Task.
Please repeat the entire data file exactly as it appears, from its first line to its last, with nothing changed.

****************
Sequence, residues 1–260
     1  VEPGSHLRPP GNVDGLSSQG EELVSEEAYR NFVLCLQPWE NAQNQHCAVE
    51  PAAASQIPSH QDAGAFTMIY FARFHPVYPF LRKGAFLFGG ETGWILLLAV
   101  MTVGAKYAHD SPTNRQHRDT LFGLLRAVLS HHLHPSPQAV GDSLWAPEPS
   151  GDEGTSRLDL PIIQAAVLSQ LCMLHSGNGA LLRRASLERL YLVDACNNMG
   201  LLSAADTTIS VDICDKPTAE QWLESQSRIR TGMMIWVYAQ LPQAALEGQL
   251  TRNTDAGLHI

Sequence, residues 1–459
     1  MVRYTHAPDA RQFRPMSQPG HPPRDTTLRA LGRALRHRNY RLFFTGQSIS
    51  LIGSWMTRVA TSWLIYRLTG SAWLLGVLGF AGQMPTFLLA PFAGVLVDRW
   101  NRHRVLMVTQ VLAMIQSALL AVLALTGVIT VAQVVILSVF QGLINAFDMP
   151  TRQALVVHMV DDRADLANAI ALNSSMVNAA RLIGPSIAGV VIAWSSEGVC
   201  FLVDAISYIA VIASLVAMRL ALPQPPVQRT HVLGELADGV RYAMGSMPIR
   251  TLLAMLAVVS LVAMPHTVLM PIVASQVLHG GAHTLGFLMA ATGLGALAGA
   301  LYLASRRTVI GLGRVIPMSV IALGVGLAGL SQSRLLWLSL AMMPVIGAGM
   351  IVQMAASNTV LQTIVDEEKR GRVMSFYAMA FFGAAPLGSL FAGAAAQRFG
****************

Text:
Sequence, residues 1–260
     1  VEPGSHLRPP GNVDGLSSQG EELVSEEAYR NFVLCLQPWE NAQNQHCAVE
    51  PAAASQIPSH QDAGAFTMIY FARFHPVYPF LRKGAFLFGG ETGWILLLAV
   101  MTVGAKYAHD SPTNRQHRDT LFGLLRAVLS HHLHPSPQAV GDSLWAPEPS
   151  GDEGTSRLDL PIIQAAVLSQ LCMLHSGNGA LLRRASLERL YLVDACNNMG
   201  LLSAADTTIS VDICDKPTAE QWLESQSRIR TGMMIWVYAQ LPQAALEGQL
   251  TRNTDAGLHI

Sequence, residues 1–459
     1  MVRYTHAPDA RQFRPMSQPG HPPRDTTLRA LGRALRHRNY RLFFTGQSIS
    51  LIGSWMTRVA TSWLIYRLTG SAWLLGVLGF AGQMPTFLLA PFAGVLVDRW
   101  NRHRVLMVTQ VLAMIQSALL AVLALTGVIT VAQVVILSVF QGLINAFDMP
   151  TRQALVVHMV DDRADLANAI ALNSSMVNAA RLIGPSIAGV VIAWSSEGVC
   201  FLVDAISYIA VIASLVAMRL ALPQPPVQRT HVLGELADGV RYAMGSMPIR
   251  TLLAMLAVVS LVAMPHTVLM PIVASQVLHG GAHTLGFLMA ATGLGALAGA
   301  LYLASRRTVI GLGRVIPMSV IALGVGLAGL SQSRLLWLSL AMMPVIGAGM
   351  IVQMAASNTV LQTIVDEEKR GRVMSFYAMA FFGAAPLGSL FAGAAAQRFG